Making a living as a musician is tricky and I need all the help I can get. So I was grateful when he came to help me launch my own book [It's Lovely to be Here: the Touring Diaries of a Scottish Gent] in Edinburgh. The event sold out quickly as most people were buying tickets because he was there. But during his talk there was no mention of his own work; he only talked about me and my book.

Unless I've had a double espresso, Ian's generally a more confident person than me; I think it may be the confidence that success brings, while I'm more of a cult name. But I'm not angry about it; it's a privilege knowing him, and I have enough to look after my family.

'I Was a Cat from a Book' (Domino Records) is out now. Ian Rankin's latest Rebus mystery, 'Standing in Another Man's Grave', (£18.99, Orion) is out now

PROMOTED VIDEO
News
ebooksAn unforgettable anthology of contemporary reportage
Latest stories from i100
Have you tried new the Independent Digital Edition apps?
Independent Dating
and  

By clicking 'Search' you
are agreeing to our
Terms of Use.

iJobs Job Widget
iJobs People

Chief Executive

£28, 700: Whiskey Whiskey Tango: Property Management Company is seeking a brig...

COO / Chief Operating Officer

£80 - 100k + Bonus: Guru Careers: A COO / Chief Operating Officer is needed to...

HR Manager - Kent - £45,000

£40000 - £45000 per annum: Ashdown Group: HR Manager / Training Manager (L&D /...

HR Manager - Edgware, London - £45,000

£40000 - £45000 per annum + Benefits: Ashdown Group: HR Manager - Edgware, Lon...

Day In a Page

Ebola outbreak: The children orphaned by the virus – then rejected by surviving relatives over fear of infection

The children orphaned by Ebola...

... then rejected by surviving relatives over fear of infection
Pride: Are censors pandering to homophobia?

Are censors pandering to homophobia?

US film censors have ruled 'Pride' unfit for under-16s, though it contains no sex or violence
The magic of roundabouts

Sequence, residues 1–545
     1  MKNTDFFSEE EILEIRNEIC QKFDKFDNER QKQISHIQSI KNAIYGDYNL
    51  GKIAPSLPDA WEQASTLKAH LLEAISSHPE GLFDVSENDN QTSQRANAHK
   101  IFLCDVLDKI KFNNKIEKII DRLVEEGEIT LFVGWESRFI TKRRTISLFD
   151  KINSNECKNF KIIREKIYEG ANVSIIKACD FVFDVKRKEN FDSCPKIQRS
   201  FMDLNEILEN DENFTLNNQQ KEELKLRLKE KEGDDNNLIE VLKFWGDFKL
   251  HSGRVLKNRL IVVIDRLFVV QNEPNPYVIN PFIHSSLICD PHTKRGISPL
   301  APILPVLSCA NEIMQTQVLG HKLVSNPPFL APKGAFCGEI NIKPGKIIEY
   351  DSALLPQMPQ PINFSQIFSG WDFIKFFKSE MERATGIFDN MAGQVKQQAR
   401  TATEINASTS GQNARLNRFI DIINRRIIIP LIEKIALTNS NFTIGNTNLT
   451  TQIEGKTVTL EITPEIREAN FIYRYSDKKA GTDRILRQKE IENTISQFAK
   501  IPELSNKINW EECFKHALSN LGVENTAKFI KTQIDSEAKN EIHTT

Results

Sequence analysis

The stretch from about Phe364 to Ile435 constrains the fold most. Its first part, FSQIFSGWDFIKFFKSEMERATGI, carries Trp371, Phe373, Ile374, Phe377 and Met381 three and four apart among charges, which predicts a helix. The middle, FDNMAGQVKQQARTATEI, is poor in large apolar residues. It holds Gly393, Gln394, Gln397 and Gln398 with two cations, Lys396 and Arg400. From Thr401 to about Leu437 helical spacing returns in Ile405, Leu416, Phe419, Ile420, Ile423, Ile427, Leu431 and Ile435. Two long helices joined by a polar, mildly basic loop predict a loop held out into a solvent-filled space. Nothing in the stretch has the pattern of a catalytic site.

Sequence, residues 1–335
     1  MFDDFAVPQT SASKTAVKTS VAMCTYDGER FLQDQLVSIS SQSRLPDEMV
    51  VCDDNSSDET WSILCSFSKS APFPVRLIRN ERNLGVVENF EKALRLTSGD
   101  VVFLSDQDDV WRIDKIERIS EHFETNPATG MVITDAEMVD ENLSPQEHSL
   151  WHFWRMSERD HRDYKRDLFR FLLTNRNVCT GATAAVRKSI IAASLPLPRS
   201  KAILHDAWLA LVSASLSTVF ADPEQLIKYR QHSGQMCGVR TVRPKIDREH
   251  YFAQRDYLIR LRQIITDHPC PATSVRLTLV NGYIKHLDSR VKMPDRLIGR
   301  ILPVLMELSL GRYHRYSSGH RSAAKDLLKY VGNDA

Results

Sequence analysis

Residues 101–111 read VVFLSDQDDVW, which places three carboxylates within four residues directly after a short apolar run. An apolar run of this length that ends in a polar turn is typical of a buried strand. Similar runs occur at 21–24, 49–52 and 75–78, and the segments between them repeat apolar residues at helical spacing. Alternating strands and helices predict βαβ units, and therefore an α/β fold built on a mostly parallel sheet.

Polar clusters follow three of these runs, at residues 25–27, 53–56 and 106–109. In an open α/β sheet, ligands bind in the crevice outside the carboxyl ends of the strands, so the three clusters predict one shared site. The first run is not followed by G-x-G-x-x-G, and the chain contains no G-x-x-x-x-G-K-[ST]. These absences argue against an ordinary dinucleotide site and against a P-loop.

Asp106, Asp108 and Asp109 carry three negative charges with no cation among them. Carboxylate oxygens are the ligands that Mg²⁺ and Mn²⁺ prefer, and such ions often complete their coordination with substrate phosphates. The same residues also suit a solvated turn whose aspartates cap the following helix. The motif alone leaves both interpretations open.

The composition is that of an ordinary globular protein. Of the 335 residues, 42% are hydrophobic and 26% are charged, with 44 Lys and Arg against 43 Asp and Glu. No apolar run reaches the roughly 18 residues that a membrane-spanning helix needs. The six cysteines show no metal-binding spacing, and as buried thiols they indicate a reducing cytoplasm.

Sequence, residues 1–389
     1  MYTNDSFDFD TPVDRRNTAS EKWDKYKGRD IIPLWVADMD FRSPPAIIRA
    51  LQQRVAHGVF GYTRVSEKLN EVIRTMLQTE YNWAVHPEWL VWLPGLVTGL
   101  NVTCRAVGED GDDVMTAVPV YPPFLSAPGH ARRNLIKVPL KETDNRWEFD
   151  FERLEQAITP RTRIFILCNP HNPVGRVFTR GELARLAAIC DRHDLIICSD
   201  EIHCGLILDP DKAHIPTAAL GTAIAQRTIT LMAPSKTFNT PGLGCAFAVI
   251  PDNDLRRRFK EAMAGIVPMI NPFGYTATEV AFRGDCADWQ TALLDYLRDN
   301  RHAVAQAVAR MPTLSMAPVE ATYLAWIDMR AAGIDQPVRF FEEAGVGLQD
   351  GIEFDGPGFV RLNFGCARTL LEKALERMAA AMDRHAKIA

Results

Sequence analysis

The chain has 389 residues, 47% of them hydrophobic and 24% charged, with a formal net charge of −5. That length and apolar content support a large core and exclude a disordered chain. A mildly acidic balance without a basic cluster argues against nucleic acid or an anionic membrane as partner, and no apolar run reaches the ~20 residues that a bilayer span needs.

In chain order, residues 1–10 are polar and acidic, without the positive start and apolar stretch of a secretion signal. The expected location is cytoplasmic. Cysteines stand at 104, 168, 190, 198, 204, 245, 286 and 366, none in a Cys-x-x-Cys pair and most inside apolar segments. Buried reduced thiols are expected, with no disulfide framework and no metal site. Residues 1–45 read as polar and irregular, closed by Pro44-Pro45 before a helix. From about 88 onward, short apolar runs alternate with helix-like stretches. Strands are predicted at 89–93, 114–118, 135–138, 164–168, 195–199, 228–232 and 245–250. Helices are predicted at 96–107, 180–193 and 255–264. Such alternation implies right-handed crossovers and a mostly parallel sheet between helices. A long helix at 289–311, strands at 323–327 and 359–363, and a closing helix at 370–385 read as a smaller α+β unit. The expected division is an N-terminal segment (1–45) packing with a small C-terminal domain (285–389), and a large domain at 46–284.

Lords of the rings

Just who are the Roundabout Appreciation Society?
Why do we like making lists?

Notes to self: Why do we like making lists?

Well it was good enough for Ancient Egyptians and Picasso...
Hong Kong protests: A good time to open a new restaurant?

A good time to open a new restaurant in Hong Kong?

As pro-democracy demonstrators hold firm, chef Rowley Leigh, who's in the city to open a new restaurant, says you couldn't hope to meet a nicer bunch
Paris Fashion Week: Karl Lagerfeld leads a feminist riot on 'Boulevard Chanel'

Paris Fashion Week

Lagerfeld leads a feminist riot on 'Boulevard Chanel'
Bruce Chatwin's Wales: One of the finest one-day walks in Britain

Simon Calder discovers Bruce Chatwin's Wales

One of the finest one-day walks you could hope for - in Britain
10 best children's nightwear

10 best children's nightwear

Make sure the kids stay cosy on cooler autumn nights in this selection of pjs, onesies and nighties
Manchester City vs Roma: Five things we learnt from City’s draw at the Etihad

Manchester City vs Roma

Five things we learnt from City’s Champions League draw at the Etihad
Martin Hardy: Mike Ashley must act now and end the Alan Pardew reign

Trouble on the Tyne

Ashley must act now and end Pardew's reign at Newcastle, says Martin Hardy
Isis is an hour from Baghdad, the Iraq army has little chance against it, and air strikes won't help

Isis an hour away from Baghdad -

and with no sign of Iraq army being able to make a successful counter-attack
Turner Prize 2014 is frustratingly timid

Turner Prize 2014 is frustratingly timid

The exhibition nods to rich and potentially brilliant ideas, but steps back
Last chance to see: Half the world’s animals have disappeared over the last 40 years

Last chance to see...

The Earth’s animal wildlife population has halved in 40 years
So here's why teenagers are always grumpy - and it's not what you think

Truth behind teens' grumpiness

Early school hours mess with their biological clocks
Why can no one stop hackers putting celebrities' private photos online?

Hacked photos: the third wave

Why can no one stop hackers putting celebrities' private photos online?